Jackson was appointed to the U.S. District Court by former President Barack Obama in 2013 and to the D.C. Court of Appeals by Biden in March 2021.

Her most famous decision came in 2019 when she said that a former White House adviser to President Donald Trump had to obey the congressional subpoena.

“Presidents are not kings,” Jackson wrote.

Jackson is married to a surgeon. They have two daughters.

— Associated Press

Lawyers believe that Jackson could be Biden’s choice after the U.S. Court of Appeals for the District of Columbia violated its normal procedure by issuing an opinion on Thursday, as opposed to the usual schedule for issuing opinions on Tuesday and Friday.

Jackson was reportedly in the majority in the 2-1 case and would most likely recuse herself if the case were dismissed after her nomination, which would split the commission.

Legal experts told CNN that the theory stems from a similar scenario that played out when current judge Brett Kavanaugh was appointed.

“Part of why this is troubling is that we saw a similar scene play out in July 2018 with then-D.C. District Judge Brett Kavanaugh,” said Steve Wladek, a CNN Supreme Court analyst and professor at the University of Texas Law School. told the news agency.

If Biden makes that announcement on Friday, it would mark two years since the 2020 South Carolina primary, when he first pledged to select the first African-American female judge.

If Biden makes that announcement on Friday, it would mark two years since the 2020 South Carolina primary, when he first pledged to select the first African-American female judge.

Minion Moore, a critical race proponent who sits on the board of directors of the Black Lives Matter Global Network Foundation, will advise President Joe Biden on his choice of SCOTUS.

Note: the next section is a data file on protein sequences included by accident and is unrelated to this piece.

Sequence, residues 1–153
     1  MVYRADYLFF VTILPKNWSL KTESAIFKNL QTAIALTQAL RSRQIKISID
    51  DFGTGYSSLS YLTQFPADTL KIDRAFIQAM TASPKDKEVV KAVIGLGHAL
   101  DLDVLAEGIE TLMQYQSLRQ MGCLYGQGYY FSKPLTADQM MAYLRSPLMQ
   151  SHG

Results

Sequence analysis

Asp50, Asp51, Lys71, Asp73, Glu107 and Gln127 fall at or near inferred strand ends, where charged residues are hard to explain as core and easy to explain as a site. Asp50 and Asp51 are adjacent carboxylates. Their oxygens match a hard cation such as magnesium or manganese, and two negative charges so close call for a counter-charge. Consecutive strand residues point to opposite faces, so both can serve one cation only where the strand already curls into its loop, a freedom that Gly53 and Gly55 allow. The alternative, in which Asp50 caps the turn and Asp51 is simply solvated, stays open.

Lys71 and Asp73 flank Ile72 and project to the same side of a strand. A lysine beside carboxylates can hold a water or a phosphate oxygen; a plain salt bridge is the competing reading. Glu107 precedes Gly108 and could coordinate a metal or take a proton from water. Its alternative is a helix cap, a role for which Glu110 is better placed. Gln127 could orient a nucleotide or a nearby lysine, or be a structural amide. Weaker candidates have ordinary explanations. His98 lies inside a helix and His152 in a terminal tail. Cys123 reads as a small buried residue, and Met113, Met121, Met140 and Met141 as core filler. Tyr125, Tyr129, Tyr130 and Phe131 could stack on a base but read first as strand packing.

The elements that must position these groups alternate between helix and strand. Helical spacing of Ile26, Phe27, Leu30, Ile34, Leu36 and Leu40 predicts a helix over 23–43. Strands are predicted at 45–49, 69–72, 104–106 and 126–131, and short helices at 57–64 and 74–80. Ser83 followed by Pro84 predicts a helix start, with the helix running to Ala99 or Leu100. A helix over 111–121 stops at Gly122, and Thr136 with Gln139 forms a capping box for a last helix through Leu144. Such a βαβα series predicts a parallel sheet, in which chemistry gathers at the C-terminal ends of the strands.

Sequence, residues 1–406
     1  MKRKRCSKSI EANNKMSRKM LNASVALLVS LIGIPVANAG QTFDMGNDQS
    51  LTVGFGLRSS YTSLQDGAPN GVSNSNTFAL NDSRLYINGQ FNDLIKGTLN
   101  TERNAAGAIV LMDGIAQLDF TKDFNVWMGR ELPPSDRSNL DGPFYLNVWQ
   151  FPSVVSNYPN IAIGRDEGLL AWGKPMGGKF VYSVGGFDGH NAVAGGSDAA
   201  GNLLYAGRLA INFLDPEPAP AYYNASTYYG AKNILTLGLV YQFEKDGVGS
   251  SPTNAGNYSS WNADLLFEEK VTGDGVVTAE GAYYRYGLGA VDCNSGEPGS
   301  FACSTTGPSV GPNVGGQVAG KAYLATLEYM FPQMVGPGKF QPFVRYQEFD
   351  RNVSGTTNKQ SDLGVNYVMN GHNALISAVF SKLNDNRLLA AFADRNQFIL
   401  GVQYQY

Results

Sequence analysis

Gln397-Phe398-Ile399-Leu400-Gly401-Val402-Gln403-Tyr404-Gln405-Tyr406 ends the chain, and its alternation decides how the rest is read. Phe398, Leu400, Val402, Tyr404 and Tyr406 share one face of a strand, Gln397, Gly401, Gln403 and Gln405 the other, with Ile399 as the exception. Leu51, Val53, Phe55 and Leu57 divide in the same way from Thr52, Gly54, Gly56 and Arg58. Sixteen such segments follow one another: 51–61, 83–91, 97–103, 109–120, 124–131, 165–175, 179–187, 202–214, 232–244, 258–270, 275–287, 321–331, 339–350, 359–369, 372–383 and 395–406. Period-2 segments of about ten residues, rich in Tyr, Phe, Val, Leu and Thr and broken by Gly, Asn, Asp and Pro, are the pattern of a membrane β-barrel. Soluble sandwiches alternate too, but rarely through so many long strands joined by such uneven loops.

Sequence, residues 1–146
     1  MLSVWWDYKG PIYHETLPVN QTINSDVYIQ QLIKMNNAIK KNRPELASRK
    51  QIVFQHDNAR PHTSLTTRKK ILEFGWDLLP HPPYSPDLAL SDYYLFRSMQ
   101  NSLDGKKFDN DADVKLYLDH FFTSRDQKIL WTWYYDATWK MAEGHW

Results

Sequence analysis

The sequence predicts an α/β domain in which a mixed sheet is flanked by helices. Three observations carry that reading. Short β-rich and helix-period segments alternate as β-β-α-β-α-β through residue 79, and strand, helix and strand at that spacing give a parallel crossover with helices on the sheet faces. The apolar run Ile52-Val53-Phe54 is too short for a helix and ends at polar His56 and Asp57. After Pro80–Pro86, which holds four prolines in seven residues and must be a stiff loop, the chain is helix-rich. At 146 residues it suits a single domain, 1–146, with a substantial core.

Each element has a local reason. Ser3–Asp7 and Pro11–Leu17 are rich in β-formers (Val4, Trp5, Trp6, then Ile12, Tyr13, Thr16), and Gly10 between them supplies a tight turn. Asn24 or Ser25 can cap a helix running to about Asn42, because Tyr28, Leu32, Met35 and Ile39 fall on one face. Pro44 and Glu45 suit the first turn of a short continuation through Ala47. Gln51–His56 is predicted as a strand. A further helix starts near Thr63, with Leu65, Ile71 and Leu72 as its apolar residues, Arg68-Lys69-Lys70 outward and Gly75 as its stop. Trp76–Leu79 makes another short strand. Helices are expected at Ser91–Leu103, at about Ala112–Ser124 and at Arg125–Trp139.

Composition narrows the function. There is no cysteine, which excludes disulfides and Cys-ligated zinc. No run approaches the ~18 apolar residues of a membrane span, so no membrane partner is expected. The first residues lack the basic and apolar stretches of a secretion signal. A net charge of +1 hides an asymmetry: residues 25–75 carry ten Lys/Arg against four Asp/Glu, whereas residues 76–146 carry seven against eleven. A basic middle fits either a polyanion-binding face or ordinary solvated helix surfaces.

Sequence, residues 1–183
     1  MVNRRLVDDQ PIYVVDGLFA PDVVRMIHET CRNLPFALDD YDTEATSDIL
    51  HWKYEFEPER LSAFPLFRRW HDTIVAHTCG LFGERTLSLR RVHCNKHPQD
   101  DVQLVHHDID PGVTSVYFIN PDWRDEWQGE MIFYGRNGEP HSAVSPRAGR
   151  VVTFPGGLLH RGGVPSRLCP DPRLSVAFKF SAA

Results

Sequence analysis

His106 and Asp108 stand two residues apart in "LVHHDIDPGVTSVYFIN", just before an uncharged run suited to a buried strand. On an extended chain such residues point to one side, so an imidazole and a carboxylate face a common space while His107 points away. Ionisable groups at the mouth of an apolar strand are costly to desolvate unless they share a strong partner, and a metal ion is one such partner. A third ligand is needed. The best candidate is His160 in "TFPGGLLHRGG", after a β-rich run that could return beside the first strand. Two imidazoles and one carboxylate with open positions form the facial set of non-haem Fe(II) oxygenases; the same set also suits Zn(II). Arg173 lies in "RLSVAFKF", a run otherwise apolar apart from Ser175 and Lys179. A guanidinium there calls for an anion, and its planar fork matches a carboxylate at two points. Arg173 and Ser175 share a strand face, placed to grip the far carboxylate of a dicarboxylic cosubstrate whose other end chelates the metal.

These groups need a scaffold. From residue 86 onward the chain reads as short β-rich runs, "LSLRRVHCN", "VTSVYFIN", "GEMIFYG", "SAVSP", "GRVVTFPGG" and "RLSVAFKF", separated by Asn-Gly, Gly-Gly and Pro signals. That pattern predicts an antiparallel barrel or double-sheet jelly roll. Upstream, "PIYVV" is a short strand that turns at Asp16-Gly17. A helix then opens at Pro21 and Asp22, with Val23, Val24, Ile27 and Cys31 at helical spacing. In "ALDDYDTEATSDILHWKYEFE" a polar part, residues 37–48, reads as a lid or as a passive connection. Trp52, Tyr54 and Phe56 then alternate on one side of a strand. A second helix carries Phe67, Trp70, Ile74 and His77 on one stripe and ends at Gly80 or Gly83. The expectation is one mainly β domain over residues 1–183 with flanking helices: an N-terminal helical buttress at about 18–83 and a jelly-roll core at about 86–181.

Minion Moore, a critical race proponent who sits on the board of directors of the Black Lives Matter Global Network Foundation, will advise President Joe Biden on his choice of SCOTUS.

“The District of Columbia delivered a 2-1 decision on Monday — a day it normally doesn’t rule — in a case in which Kavanaugh was in the majority. If the case had been dropped after his nomination was announced a few hours later, he would presumably have recused himself and the panel would have split 1-1.”

“It’s not hard to imagine that the same calculation explains why this 2-1 decision with Judge Jackson in the majority was given today – another day when the court does not normally make non-emergency decisions,” he concluded.

Thursday’s case was an unargued decision in an emergency case, a DC District Court spokesman told CNN, adding that the court always has the ability to publish its opinion at any time and has done so several times over the years in emergency cases.

The case involved a dispute between a Connecticut power plant and the Federal Energy Regulatory Commission, CNN reports. Earlier this month, DC Circuit stepped in to stop an order from FERC that banned power plants from selling electricity to consumers.

Thursday’s decision was the court’s opinion explaining why they issued this emergency order and was written by Jackson and District Judge Neomi Rao.

Another candidate, California Supreme Court Justice Leondra Krueger, was reportedly spotted Thursday morning in her native California.

A car, escorted by state police, was also seen leaving the South Carolina home of District Court Judge J. Michelle Childs, a finalist in the competition. The windows were covered with plastic bags, so it’s not clear if Childs was in the car, CNN reported.